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Remembering Doc Todd, a rapper who helped other veterans


Today, we remember a former Navy corpsman who served in Afghanistan. A corpsman is essentially a medic. George Michael Todd died earlier this month in Atlanta. The cause was sudden cardiac death, and he was 38 years old. He was also known as Doc Todd, a hip-hop artist. In 2017, NPR's Elizabeth Blair talked to Todd about his album "Combat Medicine." She has this appreciation.

ELIZABETH BLAIR, BYLINE: George Michael Todd had a few nicknames - Doc, Mik. He was a big guy with piercing blue eyes and a big personality. Pastor Kris McDaniel spoke at his funeral.


KRIS MCDANIEL: First time I met Mik, he came up to me after church - I had just finished preaching a sermon - and just, like, swallowed me up in a hug. And the first thing he says - I'm a rapper. And I was like, sure, you are a rapper.

BLAIR: He really was.


DOC TODD: (Rapping) The struggle is real. Found a feast and lost a soul. Eventually, my drinking - it got out of control. There in darkness I roamed, struggling to find home. See, suddenly, death didn't feel so alone...

BLAIR: Doc Todd was born in Memphis. He joined the Navy in his mid-20s. In 2009, he was in Afghanistan during an American push in the Helmand River Valley, which was controlled by the Taliban. Todd treated blast and burn injuries. The heat was also brutal, says Colonel Eric Meador.

ERIC MEADOR: The guys just couldn't stay cooled off. So Doc Todd and some of the other guys started pulling guys off the line at about a third of a time and tell them to jump in the canal, you know? So, hey, these guys are still fighting. Doc and his crew grabs a bunch of guys - jump in the canal, get wet, get back out. Now, you get back up on the line, continue fighting, and let's rotate. Get the next guys in there. So that's what he did on that day and probably saved a lot of guys from being heat casualties.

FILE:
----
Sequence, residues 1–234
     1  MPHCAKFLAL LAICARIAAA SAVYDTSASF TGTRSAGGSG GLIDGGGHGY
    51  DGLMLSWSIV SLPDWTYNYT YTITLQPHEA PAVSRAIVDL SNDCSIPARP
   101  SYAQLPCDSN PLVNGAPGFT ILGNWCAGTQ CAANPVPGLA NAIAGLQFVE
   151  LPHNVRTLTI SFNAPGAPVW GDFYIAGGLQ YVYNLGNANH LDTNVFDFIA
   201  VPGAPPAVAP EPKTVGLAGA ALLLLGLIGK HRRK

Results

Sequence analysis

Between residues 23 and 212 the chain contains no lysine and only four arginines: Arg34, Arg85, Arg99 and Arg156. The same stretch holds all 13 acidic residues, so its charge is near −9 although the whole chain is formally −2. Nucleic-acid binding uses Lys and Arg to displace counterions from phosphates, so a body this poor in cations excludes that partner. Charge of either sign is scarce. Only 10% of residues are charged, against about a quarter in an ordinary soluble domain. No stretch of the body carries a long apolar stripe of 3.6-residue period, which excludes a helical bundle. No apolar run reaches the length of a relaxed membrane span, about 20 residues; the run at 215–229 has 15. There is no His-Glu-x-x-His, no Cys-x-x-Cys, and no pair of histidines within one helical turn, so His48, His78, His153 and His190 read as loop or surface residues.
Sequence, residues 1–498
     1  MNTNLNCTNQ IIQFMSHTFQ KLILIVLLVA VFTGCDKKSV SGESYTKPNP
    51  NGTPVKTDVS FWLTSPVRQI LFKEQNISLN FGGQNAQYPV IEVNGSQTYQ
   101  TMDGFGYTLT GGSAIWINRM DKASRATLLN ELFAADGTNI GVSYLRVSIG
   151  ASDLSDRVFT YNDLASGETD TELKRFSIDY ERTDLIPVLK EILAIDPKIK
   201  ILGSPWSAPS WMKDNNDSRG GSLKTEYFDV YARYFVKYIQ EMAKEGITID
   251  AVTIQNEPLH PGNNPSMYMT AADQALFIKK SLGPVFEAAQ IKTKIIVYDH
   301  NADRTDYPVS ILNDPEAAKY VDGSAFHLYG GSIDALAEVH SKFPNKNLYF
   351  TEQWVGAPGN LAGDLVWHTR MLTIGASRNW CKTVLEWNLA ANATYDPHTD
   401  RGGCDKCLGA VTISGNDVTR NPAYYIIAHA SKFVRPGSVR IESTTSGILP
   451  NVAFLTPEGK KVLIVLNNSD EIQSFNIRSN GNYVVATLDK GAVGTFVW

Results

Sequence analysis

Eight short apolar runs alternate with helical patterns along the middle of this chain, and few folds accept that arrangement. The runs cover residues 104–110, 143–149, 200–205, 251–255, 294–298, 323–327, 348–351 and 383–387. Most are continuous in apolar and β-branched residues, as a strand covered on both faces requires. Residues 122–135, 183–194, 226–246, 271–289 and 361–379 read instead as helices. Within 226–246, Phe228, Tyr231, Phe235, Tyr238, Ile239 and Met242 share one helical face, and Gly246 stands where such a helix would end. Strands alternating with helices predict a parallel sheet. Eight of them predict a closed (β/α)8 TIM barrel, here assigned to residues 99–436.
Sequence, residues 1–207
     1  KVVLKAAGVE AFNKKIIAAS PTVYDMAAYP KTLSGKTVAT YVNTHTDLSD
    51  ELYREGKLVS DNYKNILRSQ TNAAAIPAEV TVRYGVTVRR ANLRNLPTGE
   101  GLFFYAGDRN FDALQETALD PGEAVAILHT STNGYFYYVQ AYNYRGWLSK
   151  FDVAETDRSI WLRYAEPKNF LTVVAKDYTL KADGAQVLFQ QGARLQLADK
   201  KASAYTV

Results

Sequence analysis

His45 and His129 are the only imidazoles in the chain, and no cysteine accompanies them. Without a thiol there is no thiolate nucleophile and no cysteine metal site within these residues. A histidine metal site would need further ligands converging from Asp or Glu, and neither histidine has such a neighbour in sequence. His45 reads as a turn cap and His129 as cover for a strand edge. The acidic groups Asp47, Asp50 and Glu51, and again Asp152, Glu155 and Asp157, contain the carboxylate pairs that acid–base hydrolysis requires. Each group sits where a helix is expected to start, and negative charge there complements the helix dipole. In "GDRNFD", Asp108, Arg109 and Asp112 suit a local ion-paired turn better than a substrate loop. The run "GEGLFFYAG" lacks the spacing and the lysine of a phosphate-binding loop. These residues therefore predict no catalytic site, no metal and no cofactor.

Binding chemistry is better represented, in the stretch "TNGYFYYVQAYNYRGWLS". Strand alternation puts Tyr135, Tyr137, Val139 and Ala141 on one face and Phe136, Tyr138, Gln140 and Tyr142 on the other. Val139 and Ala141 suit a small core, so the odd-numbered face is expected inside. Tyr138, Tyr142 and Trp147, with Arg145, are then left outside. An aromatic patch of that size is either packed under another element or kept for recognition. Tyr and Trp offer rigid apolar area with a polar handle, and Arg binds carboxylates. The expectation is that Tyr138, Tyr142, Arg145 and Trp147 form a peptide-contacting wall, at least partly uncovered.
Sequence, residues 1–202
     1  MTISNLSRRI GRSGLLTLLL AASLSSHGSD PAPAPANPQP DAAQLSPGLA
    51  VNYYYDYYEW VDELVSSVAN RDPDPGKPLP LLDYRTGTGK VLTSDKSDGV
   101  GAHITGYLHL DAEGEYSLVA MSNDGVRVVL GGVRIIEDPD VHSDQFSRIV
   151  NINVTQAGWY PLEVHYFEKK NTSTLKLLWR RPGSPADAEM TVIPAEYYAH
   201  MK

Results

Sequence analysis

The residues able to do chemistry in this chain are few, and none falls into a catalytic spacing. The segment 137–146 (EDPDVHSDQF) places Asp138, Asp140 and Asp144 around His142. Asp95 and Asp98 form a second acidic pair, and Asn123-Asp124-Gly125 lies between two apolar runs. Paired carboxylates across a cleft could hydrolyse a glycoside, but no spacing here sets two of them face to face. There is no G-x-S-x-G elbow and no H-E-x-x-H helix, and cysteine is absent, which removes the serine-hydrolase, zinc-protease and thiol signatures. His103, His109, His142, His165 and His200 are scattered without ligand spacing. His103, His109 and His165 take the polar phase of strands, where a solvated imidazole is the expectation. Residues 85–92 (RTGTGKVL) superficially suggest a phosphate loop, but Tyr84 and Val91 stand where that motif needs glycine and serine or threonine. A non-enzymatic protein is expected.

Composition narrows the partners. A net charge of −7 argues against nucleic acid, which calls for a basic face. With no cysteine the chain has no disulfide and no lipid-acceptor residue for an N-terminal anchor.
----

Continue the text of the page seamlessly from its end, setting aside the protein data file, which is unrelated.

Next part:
BLAIR: Todd lost close friends during that battle. When he returned to the U.S., he had PTSD. In 2017, he told me it took several years before he got help. Throughout, he wrote rhymes.


DOC TODD: The struggle is real. Found a feast and lost a soul. Eventually, my drinking - it got out of control. There in darkness I roamed, struggling to find homes. See, suddenly, death didn't feel so alone.


DOC TODD: (Rapping) 22 a day, destination unknown. It could have been avoided if you picked up the phone. But now you're gone, so I guess all we get is the tone. Nothing but blowing weeds, overgrown, pushing up stones...

BLAIR: Doc Todd's music is passed around widely among veterans. His most popular song is called "Not Alone."


DOC TODD: And "Not Alone" is about empowerment. "Not Alone" is about taking charge of your life, taking charge of your transition.


DOC TODD: (Rapping) You not alone. Just pick up the phone. You not alone, man. Just pick up the phone. You not alone. Yeah, pick up the phone. I'm right here, and I love you guys.

BLAIR: Doc Todd was known to constantly pick up the phone to check in with fellow vets. Before he deployed to Afghanistan, he fell head over heels in love with his future wife. At his funeral, Abby Todd read a letter he wrote to her from Afghanistan.


ABBY TODD: (Reading) I dream about you almost every night. You soothe me so much and turn my nervous energy into something positive. You make me a better person, and I thank you deeply for that. It's crazy. No matter how much I wash my feet, they still stink.


A TODD: Just wanted to tell you that. I don't know why.

BLAIR: The word authentic was used over and over again to describe Todd. Here's pastor Kris McDaniel.

MCDANIEL: The best way we honor the passing of a gentle giant, a big-hearted man, is to try to be as real as he is.

BLAIR: Doc "Mik" Todd is survived by his wife and two daughters, his parents, siblings, aunts, uncles, cousins and a whole lot of friends.

Elizabeth Blair, NPR News. Transcript provided by NPR, Copyright NPR.

Elizabeth Blair is a Peabody Award-winning senior producer/reporter on the Arts Desk of NPR News.
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